"Hark! The Herald Angels Sing!"
Although "Hark the Herald Angels Sing" is a traditional Christmas song, it is not just telling the story of the angel announcing Jesus' birth. This hymn reminds us that all of the angels in heaven are constantly praising Jesus Christ! When we sing and worship Him, we are never alone, but we are, literally, singing with the angels. Note how we sing “Joyful all ye nations rise, JOIN the triumph of the SKIES” and “Christ, by highest HEAVEN adored.” Christ is so wonderful, even angels worship Him!
Even though He is worshiped by angels, Christ was born as a normal human being. Even still, He had all the glory of God. The fullness of God lived in a human body, meaning that the Holy of Holies was no longer in the temple behind a veil, but among us, covered only by human flesh. Hence, we sing “Veiled in flesh, the Godhead see, hail the incarnate deity, pleased with us in flesh to dwell, Jesus our Emmanuel.” Emmanuel, by the way, means “God with us.”
Christ became a human so that He could die and rise again. When He did this, He enabled all of us to live a new life in Him. As the hymn says, He was “born to raise each child of earth, born to give us second birth.” So give thanks to God for the gift of new life whenever you sing "Hark! The Herald Angels Sing."
"We Three Kings"
The Bible tells us that some wise men (the Bible does not say that there were three) visited Jesus after He was born. They followed the light of a star to find Him and they brought Him gifts of gold, frankincense, and myrrh. These were not just random gifts; they each had a special meaning.
Gold: Gold was considered the right kind of gift to give to a king. Every king who knows what He's doing has gold! That's why the wise men brought gold to Jesus: to show He was King!
Frankincense: Frankincense was burned to release a very nice smell. The ancient Jews burned frankincense in the temple as an offering to God, so frankincense came to represent God. The wise men brought frankincense to Jesus to show that He was God.
Myrrh: Myrrh was a substance that came out of certain bushes. It had a strong smell and was a very powerful chemical. It was often used on dead bodies to preserve them, so myrrh represented death. The wise men gave Jesus myrrh to show that He would die as a sacrifice.
"We Three Kings" uses the symbolism of the gifts given to Jesus to tell us a lot about who Jesus is. He is our King, we are obedient to Him, serving Him with our whole heart, and He rules wisely over us and takes care of us. He is our God; we worship Him for His power and His wisdom. Even though He is our King and our God, He also died for us, giving His life so that we could have eternal life with Him. Jesus Christ is so many things to us, as we celebrate whenever we sing "We Three Kings."
"Come, Thou Fount of Every Blessing"
"Come, Thou Fount of Every Blessing" is a plea to God to provide us with the rich blessings that only He can provide.
Verse 1 literally asks for a song. The grace of God is so incredible, nothing that we can think of adequately expresses our thanks. That's why we ask God to tune our hearts and teach us some melodious sonnet. This hope will be fulfilled, because Revelation 14 promises that when Jesus returns we will “sing a new song before the throne.”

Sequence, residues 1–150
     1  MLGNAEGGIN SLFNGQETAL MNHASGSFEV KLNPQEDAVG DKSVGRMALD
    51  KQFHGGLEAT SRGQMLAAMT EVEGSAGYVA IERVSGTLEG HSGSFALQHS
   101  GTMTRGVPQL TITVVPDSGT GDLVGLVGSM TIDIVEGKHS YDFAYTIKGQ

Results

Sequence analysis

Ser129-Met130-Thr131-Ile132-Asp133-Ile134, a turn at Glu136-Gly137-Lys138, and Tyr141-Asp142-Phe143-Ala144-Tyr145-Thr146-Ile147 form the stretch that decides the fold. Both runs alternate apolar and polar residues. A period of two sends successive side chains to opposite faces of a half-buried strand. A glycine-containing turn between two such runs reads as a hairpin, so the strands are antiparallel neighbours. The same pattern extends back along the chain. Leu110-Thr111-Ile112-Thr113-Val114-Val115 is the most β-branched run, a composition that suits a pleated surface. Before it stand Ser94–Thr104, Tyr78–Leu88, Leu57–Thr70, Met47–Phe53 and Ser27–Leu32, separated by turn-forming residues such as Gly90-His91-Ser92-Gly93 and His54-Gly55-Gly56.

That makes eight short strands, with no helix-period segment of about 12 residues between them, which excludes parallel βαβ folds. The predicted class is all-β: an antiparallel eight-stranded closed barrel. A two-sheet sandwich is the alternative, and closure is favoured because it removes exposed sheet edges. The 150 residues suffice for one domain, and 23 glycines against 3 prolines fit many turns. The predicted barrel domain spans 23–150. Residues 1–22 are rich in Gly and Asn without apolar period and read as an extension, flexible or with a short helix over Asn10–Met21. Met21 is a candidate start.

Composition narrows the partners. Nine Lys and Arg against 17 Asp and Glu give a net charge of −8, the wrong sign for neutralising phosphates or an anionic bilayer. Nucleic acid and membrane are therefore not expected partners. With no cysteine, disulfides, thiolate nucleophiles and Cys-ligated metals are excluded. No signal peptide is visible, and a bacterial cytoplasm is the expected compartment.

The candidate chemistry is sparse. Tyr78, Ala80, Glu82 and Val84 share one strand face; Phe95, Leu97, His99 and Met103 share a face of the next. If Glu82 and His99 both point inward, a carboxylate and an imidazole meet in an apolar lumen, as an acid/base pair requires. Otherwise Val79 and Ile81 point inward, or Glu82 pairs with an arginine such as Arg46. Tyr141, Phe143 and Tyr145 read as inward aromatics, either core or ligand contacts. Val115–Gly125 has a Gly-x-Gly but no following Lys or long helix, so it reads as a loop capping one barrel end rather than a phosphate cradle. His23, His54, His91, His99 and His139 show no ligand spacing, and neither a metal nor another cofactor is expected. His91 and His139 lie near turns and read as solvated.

Verse 2 confesses that God blesses us even though we don't deserve it. He keeps us safe even when we endanger ourselves. Specifically, He rescued us from danger by shedding His own blood, or interposing His blood, so that our blood would not be shed. Romans 5 reminds us that “while we were yet sinners, yet Christ died for us.” The bleeding side of Christ is, indeed, the fount of every blessing.
Verse 3 asks God to keep us close to Him. Though we are indebted to God for everything, we must confess that we are prone to wander. Therefore, as we worship God, we ask that He use His strength to bind our hearts to Him. 2 Corinthians assures us that God “has put His seal of ownership on us” by the power of the Holy Spirit.
We approach God with humble spirits, asking for all that we need as we sing "Come, Thou Fount of Every Blessing."
"For All the Saints"
"For All the Saints" is about so much more than remembering Christian brothers and sisters who have passed. It is about the amazing God that they worshiped in life and will worship forever!
Vs. 1 gives thanks to Jesus for the ministry of those who came before. We ask that Jesus' name be blessed forever for the people who were sent before to confess Him to the whole world. Many of us know a special saint of the past, someone of amazing faith who told us about Jesus Christ. We are right to give glory and thanks to God for that person.
Vs. 2 Celebrates everything God did for the saints of the past and continues to do for us. He was a fortress in danger, a leader in battle, a light in darkness. Though those of the past have died, we still have a mysterious communion with them because we all belong to Christ. As vs. 3 says, “Yet all are one in thee, for all are thine.”
Vs. 4 reminds us that in the middle of our difficulties and struggles here below, we know that victory awaits. In that day, the more glorious day mentioned in vs. 5, Christ will return and all of the saints of the past will rise to perfect life again at the return of their king to earth. Then, all together, a countless host of risen people from all over the world will flood into God's city and sing His praise in unity forever.
We sing "For All The Saints" in memory of the saints of the past, in anticipation of our future glory, and in thanksgiving to our God for the hope and life He gives us.